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Thread: Circuit Breaker teardown and defective Siemens latching mechanism

  1. #11
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    Quote Originally Posted by tersh View Post
    You provided me all the references. And i dont come actual defects. If there is actual mechanical defects. Then i dont know either also there seems to be other designs with solenoids. I havent seen them and hope i wont as breakers are critical components and better left to the factories But in case you have seen teardown of GFCI breakers. Pls let me know. I dont want to be tempted to teardown a new one just to see how the compnents are put together or layout. Lol

    Sylvania Breaker




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    Quote Originally Posted by tersh View Post
    You provided me all the references. And i dont come actual defects. If there is actual mechanical defects. Then i dont know either also there seems to be other designs with solenoids. I havent seen them and hope i wont as breakers are critical components and better left to the factories But in case you have seen teardown of GFCI breakers. Pls let me know. I dont want to be tempted to teardown a new one just to see how the compnents are put together or layout. Lol



    AFCI:










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    Quote Originally Posted by tersh View Post
    You provided me all the references. And i dont come actual defects. If there is actual mechanical defects. Then i dont know either also there seems to be other designs with solenoids. I havent seen them and hope i wont as breakers are critical components and better left to the factories But in case you have seen teardown of GFCI breakers. Pls let me know. I dont want to be tempted to teardown a new one just to see how the compnents are put together or layout. Lol


    IEC breakers tend to have solenoids to help lower the magnetic trip threshold. At 230 volt line to ground its a good idea to have a quick disconnect time when a fault occurs.














    Here is a QO GFCI:



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    Quote Originally Posted by mbrooke View Post
    IEC breakers tend to have solenoids to help lower the magnetic trip threshold. At 230 volt line to ground its a good idea to have a quick disconnect time when a fault occurs.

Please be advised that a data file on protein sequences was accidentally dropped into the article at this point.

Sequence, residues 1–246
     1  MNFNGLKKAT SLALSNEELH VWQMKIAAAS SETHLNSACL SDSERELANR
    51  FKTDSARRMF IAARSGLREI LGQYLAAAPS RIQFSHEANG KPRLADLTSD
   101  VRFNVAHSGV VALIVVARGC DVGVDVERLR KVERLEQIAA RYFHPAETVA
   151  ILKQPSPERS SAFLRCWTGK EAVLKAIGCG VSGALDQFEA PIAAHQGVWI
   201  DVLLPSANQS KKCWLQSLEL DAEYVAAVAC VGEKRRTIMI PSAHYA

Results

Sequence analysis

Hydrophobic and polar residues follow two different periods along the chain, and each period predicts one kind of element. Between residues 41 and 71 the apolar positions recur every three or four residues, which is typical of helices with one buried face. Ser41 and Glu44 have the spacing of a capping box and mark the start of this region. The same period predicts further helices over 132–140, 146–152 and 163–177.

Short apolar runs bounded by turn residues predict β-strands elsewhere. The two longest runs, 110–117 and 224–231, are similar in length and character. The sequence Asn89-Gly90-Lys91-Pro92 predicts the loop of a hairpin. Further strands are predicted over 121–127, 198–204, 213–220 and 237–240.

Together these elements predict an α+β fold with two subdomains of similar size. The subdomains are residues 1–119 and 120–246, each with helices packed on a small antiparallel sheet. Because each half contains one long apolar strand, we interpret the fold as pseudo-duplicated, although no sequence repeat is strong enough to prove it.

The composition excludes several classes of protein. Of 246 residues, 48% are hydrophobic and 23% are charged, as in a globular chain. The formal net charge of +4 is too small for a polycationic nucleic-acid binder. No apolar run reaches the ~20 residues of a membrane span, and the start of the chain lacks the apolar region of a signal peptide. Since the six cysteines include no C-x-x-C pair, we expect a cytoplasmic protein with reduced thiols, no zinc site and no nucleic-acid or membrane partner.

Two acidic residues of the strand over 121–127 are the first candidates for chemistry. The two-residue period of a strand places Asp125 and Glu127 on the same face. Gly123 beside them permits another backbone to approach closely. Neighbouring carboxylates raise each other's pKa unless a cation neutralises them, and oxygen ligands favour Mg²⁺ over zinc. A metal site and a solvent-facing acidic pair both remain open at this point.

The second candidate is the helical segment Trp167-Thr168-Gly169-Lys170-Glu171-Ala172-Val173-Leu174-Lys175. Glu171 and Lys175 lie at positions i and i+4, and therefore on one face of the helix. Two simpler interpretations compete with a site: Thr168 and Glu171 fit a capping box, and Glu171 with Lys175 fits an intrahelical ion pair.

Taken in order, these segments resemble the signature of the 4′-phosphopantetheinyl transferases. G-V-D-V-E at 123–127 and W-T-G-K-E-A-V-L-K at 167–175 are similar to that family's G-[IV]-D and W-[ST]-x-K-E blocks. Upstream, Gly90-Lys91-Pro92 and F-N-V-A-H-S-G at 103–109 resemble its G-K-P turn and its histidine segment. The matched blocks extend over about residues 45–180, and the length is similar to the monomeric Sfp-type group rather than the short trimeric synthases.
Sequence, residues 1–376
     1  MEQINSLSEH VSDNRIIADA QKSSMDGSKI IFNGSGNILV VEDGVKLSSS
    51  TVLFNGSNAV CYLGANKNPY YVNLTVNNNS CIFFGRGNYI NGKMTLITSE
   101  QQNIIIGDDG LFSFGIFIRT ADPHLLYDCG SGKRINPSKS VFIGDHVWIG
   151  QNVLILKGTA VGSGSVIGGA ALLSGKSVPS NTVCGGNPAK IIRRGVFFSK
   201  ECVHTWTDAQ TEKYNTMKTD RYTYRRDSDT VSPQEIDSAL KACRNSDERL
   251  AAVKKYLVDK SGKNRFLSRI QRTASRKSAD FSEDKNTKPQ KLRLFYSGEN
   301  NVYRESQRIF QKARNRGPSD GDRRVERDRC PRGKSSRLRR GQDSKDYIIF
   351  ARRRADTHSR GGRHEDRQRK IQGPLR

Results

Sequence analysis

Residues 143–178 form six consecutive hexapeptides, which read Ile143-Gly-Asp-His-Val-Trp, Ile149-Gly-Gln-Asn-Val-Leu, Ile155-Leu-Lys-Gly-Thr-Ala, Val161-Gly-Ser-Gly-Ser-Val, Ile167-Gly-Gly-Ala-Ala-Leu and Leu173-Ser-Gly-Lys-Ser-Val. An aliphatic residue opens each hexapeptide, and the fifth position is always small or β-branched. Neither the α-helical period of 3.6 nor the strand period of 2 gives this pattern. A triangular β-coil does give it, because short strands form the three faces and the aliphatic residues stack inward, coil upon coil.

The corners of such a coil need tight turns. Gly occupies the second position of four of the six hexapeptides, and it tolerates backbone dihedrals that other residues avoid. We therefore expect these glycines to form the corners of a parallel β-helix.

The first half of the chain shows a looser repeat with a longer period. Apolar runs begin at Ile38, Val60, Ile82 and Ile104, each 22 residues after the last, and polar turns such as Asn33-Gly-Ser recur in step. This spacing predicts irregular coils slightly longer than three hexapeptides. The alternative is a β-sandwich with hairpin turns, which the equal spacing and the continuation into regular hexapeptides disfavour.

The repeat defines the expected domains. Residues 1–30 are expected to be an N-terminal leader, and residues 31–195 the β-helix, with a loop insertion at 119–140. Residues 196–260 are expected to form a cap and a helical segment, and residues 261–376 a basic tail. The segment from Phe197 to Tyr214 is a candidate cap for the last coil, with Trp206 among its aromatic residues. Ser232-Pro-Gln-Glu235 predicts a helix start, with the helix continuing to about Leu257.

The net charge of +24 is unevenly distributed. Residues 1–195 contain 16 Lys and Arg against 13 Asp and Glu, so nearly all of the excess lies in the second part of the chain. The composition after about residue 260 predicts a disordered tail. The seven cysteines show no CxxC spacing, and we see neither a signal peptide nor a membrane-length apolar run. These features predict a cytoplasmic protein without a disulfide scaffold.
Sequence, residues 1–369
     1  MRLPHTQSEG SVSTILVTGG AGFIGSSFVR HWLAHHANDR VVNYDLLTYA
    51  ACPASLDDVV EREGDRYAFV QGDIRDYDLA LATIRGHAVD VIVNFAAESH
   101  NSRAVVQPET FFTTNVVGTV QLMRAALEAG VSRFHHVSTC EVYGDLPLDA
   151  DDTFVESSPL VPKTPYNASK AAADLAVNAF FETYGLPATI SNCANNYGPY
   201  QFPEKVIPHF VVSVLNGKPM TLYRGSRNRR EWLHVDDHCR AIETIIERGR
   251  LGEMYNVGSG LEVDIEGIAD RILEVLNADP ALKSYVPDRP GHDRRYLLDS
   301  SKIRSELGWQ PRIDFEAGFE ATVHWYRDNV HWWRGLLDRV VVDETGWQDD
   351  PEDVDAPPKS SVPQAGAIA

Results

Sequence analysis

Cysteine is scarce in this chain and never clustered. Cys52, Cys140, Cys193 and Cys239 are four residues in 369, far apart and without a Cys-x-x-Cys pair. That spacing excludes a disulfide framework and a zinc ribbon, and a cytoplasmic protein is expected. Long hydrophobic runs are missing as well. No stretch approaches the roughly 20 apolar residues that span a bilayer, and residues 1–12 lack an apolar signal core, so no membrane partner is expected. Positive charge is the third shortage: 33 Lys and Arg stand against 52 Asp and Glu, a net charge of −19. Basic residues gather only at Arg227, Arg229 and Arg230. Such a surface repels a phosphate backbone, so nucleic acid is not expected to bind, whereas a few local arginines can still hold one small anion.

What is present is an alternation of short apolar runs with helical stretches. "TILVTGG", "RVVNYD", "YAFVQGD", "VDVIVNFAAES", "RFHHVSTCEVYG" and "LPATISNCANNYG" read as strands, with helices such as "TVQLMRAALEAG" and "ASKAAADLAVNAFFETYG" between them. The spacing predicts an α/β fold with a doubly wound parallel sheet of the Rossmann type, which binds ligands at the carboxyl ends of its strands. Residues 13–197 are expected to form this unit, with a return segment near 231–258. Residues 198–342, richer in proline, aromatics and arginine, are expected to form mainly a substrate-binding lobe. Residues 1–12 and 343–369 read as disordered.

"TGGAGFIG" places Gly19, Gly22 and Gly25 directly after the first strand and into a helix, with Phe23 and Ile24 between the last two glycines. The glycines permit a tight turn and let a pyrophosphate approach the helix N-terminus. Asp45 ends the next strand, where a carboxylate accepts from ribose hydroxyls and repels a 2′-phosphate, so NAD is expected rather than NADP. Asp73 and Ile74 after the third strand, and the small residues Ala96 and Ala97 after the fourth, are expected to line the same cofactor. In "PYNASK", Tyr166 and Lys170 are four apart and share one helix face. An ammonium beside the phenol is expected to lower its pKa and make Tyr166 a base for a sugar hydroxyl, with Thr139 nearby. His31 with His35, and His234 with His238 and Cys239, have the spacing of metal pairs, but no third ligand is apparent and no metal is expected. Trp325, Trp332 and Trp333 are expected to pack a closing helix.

Here is a QO GFCI:


    Thanks so much for the references esp the GFCI breakers. I have been looking for them the past 4 months. If you know how the Siemens Gfci looks inside. Pls share. I used to suspect if i had counterfeit gfci breakers. I heard there are several hundred thousand counterfeit breakers..i wonder if there are counterfeit gfci breakers too. Im tempted to fry open my 60A siemens breakers. Its being sold cheap at amazon compared to their 30A siemens gfci breakers. Also remember the new self test versions have extra chip. I wonder how they could fit it all inside.

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    Quote Originally Posted by tersh View Post
    Thanks so much for the references esp the GFCI breakers. I have been looking for them the past 4 months. If you know how the Siemens Gfci looks inside. Pls share. I used to suspect if i had counterfeit gfci breakers. I heard there are several hundred thousand counterfeit breakers..i wonder if there are counterfeit gfci breakers too. Im tempted to fry open my 60A siemens breakers. Its being sold cheap at amazon compared to their 30A siemens gfci breakers.
    Unfortunately I do not, but imagine the construction is similar.

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    Quote Originally Posted by GoldDigger View Post
    Fascinating. Even if you cannot officially return for warranty replacement, I am sure there are engineers in the company who would love to take a look at that breaker.
    I think he can return it, it just so happens in his circumstances it will cost him as much or more to do so than simply buying a replacement.

    Could easily be one component is defective and was not rejected by QC, might not even be an issue with an entire run of product, just that one individual piece had a defect.
    I live for today, I'm just a day behind.

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    Quote Originally Posted by mbrooke View Post
    Unfortunately I do not, but imagine the construction is similar.
    Mbrooke. Do you know the internals of the General Electrical
    TQD22150

    https://www.amazon.com/General-Elect.../dp/B00ECKRIYK



    Before my family got the townhouse in the 5 house compound. The breakers outside were already opened to the elements.. meaning when it rains hard, all the breakers get wet.




    Can rain get inside the breakers? Are the plastic casing of most breakers waterproof? Because if the inside thermal and magnetic strips were already rusted. Maybe they won't function anymore and the breakers won't trip at all?

    I want to see behaviors of breakers constantly exposed to rain (worse case scenario). How would the inside look like. Rusty?